In India, the Companies Act 2013 governs the formation and operation of corporations or companies. The Companies Act 1956 was the first Act that governed corporate entities in the country. The Bhabha Committee’s suggestions were incorporated into the 1956 Act.
This Act has since been changed several times, with the most recent revision being in 2013. India is one of the first countries to pass a law that makes corporate social responsibility (CSR) spending mandatory under Section 135 of the 2013 Act.
The following are the types of companies specified in this Act:
One-person company: A one-person company is one which has only one director and one shareholder.
Private company: A private company is a corporation with a maximum membership of two hundred (in case of a one-person company), and a minimum membership of two.
A private company’s minimum share capital can be any amount that the members determine.
Public company: A public company is one that can sell stock to the general public and has minimum liability. A public company must have a minimum of seven members.
Comparison between Companies Act, 1956 and Companies Act, 2013
Companies Act 2013 has replaced the 1956 Act. The features of the Companies Act 2013 that are different from the 1956 Act are indicated in the table below:
Companies Act 1956
Companies Act 2013
Companies Act 2013 highlights
The major highlights of the new Companies Act 2013 are given below:
- A private company may have a maximum of 200 shareholders, which was previously 50.
- One-person company concept was created.
- The following two tribunals have been made mandatory:
- Company Law Appellate Tribunal
- Company Law Tribunal CSR
Features of the Companies Act 2013
Some features of the Companies Act 2013 are as follows:
- The notion of ‘Dormant Companies’ has been introduced. Companies that have been inactive for more than two years are considered dormant.
- The National Company Law Tribunal was established as a result of it.
- It is a quasi-judicial organisation in India that decides on business disputes. It took the place of the Company Law Board.
- Rather than relying on official approval, it allows for self-regulation in terms of disclosures and openness.
- Documents must be stored digitally in an electronic format.
- For companies with net assets of up to 1 crore, official liquidators have adjudicatory powers.
- Merger and amalgamation procedures have been simplified and made speedier.
- This Act allows cross-border mergers (international companies combining with Indian companies and vice versa), albeit with consent from the Reserve Bank of India.
- The idea of a one-person business has been proposed. This is a novel sort of private corporation that can only have one shareholder and one director. A private corporation must have at least two directors and two stockholders, according to the 1956 Act.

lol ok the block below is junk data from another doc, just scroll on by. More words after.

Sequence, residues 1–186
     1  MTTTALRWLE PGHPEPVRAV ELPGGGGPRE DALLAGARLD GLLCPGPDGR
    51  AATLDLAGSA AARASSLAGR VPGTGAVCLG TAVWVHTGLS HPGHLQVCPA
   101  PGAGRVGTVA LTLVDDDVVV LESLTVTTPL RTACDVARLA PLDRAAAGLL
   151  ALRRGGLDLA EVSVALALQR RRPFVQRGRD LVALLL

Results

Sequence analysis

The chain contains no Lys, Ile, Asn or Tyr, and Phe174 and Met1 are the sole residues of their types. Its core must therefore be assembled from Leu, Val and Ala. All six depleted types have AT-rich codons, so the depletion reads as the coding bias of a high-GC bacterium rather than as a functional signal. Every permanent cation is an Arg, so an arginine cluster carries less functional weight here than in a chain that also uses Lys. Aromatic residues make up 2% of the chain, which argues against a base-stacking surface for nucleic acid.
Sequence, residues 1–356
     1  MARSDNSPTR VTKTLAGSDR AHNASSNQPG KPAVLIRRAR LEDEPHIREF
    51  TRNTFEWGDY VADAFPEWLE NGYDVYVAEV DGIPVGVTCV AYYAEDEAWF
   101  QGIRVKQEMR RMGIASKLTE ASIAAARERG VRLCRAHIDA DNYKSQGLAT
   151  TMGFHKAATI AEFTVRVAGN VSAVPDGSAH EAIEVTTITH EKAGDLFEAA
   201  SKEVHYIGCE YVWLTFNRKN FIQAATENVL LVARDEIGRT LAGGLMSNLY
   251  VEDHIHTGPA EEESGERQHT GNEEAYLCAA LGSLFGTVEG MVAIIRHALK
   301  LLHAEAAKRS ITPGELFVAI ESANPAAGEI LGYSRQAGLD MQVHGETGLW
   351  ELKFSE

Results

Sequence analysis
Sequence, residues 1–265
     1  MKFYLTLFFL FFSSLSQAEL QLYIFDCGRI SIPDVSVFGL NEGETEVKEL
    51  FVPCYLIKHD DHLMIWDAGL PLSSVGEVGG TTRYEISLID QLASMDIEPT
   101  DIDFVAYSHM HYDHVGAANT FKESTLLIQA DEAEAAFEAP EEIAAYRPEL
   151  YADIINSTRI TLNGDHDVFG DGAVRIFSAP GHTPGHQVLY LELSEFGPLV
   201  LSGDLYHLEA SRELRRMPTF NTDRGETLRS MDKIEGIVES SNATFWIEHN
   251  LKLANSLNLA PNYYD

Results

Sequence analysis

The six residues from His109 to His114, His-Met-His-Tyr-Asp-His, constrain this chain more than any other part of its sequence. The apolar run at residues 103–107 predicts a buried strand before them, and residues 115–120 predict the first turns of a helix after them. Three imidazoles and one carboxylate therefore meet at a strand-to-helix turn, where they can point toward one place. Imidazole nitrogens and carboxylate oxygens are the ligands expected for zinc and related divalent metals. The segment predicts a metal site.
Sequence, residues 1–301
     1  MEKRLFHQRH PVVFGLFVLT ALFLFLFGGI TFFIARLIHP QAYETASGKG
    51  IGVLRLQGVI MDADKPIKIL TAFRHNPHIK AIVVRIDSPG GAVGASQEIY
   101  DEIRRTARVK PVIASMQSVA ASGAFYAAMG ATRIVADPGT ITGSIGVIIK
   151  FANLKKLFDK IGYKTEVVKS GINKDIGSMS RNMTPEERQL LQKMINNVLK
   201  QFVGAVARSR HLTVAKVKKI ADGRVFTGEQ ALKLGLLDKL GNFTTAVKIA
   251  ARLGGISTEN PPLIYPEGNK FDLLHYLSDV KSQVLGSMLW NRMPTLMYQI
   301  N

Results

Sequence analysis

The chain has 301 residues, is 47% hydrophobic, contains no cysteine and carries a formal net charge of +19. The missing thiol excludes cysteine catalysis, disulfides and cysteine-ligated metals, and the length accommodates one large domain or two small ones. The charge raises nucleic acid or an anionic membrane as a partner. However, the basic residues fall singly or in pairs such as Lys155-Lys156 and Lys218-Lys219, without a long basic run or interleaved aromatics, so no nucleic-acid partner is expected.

- For public corporations, having independent directors has become a legal obligation.
- Female directors are required for a specific class of corporations.
- The Act allows the articles of association to be entrenched (given further legal protection). The Act requires that board meetings be called with at least seven days’ notice.
- The functions of a Director are defined under this Act. The roles of ‘Key Managerial Personnel’ and ‘Promoter’ have also been specified.
- Public enterprises need to have a rotation of auditors and audit firms. The Act also prohibits auditors from providing the corporation with non-audit services. An auditor faces significant criminal and civil penalties if he or she fails to comply with the law.
- The entire procedure of company rehabilitation and liquidation in the event of a financial crisis has been made time-limited.
- Companies must organise CSR committees and develop CSR policies as a result of the Act. Certain firms have been required to make mandatory CSR disclosures.
- One director should be appointed to represent small shareholders in publicly traded corporations.
- During an investigation, there is a provision for the search and seizure of papers without the need for a magistrate’s order.
- Accepting deposits from the general public is now subject to stricter regulations.
- The establishment of the National Financial Reporting Authority (NFRA) is planned. It is responsible for establishing and enforcing accounting and auditing standards, as well as overseeing the work of auditors.
- If a key manager or director is reasonably believed to have access to price-sensitive information, the Act prohibits them from purchasing calls and putting options on the company’s stock.
- The Act gives shareholders more authority by requiring shareholder approval for many important transactions.
Companies (Amendment) Bill, 2020
The Parliament passed this Act in March 2020. The following are the amendments recommended by the most recent update to the Companies Act:
The Bill gives the government the authority to allow certain types of public corporations to list securities in foreign jurisdictions (as determined by the government).
The Bill gives the central government the authority, in conjunction with the Securities and Exchange Board of India, to exempt corporations that issue certain types of securities from the definition of “listed company.”
The Act creates exceptional arrangements for paying remuneration to a company’s executive directors (including the managing director and other full-time directors) if the company’s profits are insufficient or non-existent in a given year.
The Companies Act 2013 carries a lot of significance in the business landscape in India. It consists of several definitions and sections that need to be thoroughly studied and abided by all the companies in India. Each year, the Companies Amendment Bill is passed, which proposes new changes in the Act that are in line with the changing economic and business scenario in India.